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Elias Isquith

Elias Isquith is a freelance journalist and blogger. He considers Bob Dylan and Walter Sobchak to be the two great Jewish thinkers of our time; he thinks Kafka was half-right when he said there was hope, "but not for us"; and he can be reached through the twitter via @eliasisquith or via email. The opinions he expresses on the blog and throughout the interwebs are exclusively his own.

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11 Responses

  1. Avatar greginak
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    says:

    I’m not sure you make your case all that strongly. You are nudging up against the Green Lantern type theory where just exerting will or having a fight will obtain an objective. I’d argue that if O had pissed off the insurance companies to much we would have not had any HCR, not even the middling at best reform we got. How do you go into a legislative battle trying to eviscerate an entire industry, especially one that has lots of money and power, then expect to succeed. I think at times more fight might work and it might look good, but it isn’t always a winning strategy.Report

    • Avatar Kimsie in reply to greginak
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      says:

      Looking at the cigarette companies might prove instructive there.Report

      • Avatar greginak in reply to Kimsie
        Ignored
        says:

        I’m not seeing it. It took decades of fighting and an Everest high pile of science to get some restrictions on tobacco companies. And they are still in business, its not like they are gone or anything.Report

        • Avatar Kimsie in reply to greginak
          Ignored
          says:

          Public outrage on insurance companies (plus GM, Big auto, and tons of other corps wanting a level playing field) was enough to get ’em to bend.

          I’d say, it’s a start.

          A different start than Edwards — who would have used the poison pill approach.Report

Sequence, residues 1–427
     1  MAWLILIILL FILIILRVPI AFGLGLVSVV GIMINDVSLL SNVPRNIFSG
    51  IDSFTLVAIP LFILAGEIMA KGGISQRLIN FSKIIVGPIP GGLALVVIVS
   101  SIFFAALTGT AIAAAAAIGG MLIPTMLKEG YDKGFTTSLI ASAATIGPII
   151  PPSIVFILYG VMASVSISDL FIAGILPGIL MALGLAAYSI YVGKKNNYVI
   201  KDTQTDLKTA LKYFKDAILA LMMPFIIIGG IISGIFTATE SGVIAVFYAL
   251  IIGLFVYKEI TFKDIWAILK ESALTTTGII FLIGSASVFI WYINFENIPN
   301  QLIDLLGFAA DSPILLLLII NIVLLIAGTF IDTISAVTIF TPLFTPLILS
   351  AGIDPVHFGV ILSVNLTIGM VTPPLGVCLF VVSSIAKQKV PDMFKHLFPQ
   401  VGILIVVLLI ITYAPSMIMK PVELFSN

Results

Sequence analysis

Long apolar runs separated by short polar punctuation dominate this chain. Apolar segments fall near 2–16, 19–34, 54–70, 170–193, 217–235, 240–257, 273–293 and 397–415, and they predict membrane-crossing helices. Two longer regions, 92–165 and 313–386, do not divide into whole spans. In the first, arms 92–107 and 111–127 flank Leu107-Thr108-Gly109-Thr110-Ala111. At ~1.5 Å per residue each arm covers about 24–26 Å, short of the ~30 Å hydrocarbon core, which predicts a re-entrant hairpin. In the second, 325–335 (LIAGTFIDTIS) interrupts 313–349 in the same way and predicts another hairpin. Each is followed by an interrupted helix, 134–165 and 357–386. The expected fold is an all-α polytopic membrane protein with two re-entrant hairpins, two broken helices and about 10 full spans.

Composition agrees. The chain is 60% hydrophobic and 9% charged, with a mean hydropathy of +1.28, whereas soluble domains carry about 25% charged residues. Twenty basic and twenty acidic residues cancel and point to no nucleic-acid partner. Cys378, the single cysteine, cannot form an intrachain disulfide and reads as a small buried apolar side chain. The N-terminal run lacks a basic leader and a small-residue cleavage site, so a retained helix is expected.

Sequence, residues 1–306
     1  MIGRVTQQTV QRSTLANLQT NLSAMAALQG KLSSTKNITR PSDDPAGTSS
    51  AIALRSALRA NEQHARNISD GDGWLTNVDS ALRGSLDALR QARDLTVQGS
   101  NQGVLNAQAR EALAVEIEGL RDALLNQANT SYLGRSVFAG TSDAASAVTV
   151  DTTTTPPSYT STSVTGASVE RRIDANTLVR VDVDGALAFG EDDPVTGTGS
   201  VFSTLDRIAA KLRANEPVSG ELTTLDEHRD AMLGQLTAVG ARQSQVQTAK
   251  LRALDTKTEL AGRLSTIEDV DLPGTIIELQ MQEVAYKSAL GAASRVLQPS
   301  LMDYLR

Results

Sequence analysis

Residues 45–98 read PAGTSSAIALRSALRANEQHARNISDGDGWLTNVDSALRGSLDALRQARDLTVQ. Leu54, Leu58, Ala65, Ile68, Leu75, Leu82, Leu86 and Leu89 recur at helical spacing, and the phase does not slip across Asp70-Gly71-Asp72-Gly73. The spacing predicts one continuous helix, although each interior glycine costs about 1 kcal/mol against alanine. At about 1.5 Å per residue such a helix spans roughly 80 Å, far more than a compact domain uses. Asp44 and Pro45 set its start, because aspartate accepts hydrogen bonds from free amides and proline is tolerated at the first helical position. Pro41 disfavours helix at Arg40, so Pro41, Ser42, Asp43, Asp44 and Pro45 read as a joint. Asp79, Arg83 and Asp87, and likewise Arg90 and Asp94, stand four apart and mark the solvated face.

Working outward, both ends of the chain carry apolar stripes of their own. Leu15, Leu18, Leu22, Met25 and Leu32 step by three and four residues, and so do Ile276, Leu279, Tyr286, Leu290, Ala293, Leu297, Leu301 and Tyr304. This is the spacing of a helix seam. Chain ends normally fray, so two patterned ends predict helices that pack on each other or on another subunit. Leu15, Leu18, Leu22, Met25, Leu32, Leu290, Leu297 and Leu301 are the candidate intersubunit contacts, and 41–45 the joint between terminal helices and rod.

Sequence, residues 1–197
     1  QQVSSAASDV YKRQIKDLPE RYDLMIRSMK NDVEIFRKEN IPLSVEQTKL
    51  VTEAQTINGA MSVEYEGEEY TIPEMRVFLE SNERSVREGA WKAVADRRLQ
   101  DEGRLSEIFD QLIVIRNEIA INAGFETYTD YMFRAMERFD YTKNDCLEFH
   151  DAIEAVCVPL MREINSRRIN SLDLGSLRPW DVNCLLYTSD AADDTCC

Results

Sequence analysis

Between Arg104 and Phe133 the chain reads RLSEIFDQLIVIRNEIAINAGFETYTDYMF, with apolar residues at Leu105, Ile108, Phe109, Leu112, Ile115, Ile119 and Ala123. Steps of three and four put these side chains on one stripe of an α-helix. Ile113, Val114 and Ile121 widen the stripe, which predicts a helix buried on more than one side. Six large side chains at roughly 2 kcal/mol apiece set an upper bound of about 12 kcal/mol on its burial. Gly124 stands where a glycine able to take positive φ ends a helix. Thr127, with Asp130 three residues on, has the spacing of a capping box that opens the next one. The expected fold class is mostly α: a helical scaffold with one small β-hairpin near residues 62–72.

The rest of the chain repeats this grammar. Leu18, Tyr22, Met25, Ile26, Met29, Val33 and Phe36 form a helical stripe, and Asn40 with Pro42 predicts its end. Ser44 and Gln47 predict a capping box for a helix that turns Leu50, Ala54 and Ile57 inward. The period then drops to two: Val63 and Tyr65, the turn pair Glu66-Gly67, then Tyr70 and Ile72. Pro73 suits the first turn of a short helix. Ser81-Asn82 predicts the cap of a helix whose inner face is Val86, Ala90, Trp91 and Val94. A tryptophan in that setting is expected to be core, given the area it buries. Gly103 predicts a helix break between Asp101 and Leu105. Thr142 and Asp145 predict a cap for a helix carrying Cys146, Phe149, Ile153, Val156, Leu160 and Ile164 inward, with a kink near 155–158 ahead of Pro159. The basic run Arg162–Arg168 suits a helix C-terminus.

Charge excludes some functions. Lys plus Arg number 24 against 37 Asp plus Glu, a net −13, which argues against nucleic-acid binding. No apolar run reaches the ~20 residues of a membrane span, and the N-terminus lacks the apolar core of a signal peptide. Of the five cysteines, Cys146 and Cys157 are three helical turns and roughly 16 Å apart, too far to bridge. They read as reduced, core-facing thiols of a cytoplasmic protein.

• Avatar LeeEsq in reply to greginak
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      says:

      This. There is no evidence that a more statist version of HCR could pass through Congress. More likely, it would have died in committee and HCR kicked down the road for another fifteen years at least.Report

    • Avatar zic in reply to greginak
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      says:

      I’d argue that if O had pissed off the insurance companies to much we would have not had any HCR, not even the middling at best reform we got.

      My suspicions here run even deeper.

      One of (IMHO) most crucial parts of ACA is efficacy research. And insurance companies have the data on medical outcomes, which is a crucial part of that research in some sort of cost-effective way. Even Medicare is (from the state’s I’m familiar with; may not be all states) contracted out to private insurance companies for billing/payment work; the states just oversee the program under federal guidelines. So insurance companies have the information needed for statistical analysis of health treatments, and that information is proprietary; they own it. It’s at the root of all those details of what they will/will-not pay for in your insurance policy.

      This is just one of the reasons electronic medical records matter; because right not, the only place this information exists in in insurance data bases and paper files in doctors offices. Which is cheaper to access?

      I’d guess that the potential of electronic medical records will eventually bring to efficacy research vs. the immediate value of information the insurance companies already own was a big part of the ACA negotiation process.Report

      • Avatar greginak in reply to zic
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        says:

        Good point. The Wife actually does some of this kind of case management for our state on Medicare/caid contracts.Report

      • Avatar Zane in reply to zic
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        says:

        Even Medicare is (from the state’s I’m familiar with; may not be all states) contracted out to private insurance companies for billing/payment work; the states just oversee the program under federal guidelines.

        I think you mean Medicaid here. I don’t think there’s a state role in Medicare provision. (If there is, let me know!)Report

      • Avatar Michael Drew in reply to zic
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        says:

        Interesting point, zic.Report

  2. Avatar zic
    Ignored
    says:

    On anti-liberalism and its many shortcomings:

    One that’s beginning to piss me off is the liberal media’s reporting on anti-liberal bias. Like, we cannot talk about any up-and-coming Republican without saying shiz like this:

    Cruz’s path to the presidency—if he decides to run—must consist precisely of convincing “the middle” of the party that he’s electable despite the fact that he may be the most conservative member of the Senate

    That’s a quote from John Dickerson, just lifted it off Sully’s blog.

    I heard the same on NPR this afternoon; Christie and his bromance (they actually used that word, too) with Obama and how the blowback if he runs for president.

    Like all that matters is if they’ll run and how they might be pissing off the base. Building the narrative for 2016 already.Report

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